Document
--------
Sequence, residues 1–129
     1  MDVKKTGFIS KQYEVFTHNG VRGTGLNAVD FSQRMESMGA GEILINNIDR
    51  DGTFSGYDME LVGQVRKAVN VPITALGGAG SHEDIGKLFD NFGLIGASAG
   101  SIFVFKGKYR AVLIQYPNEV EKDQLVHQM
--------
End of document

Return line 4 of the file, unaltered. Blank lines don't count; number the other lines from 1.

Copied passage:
   101  SIFVFKGKYR AVLIQYPNEV EKDQLVHQM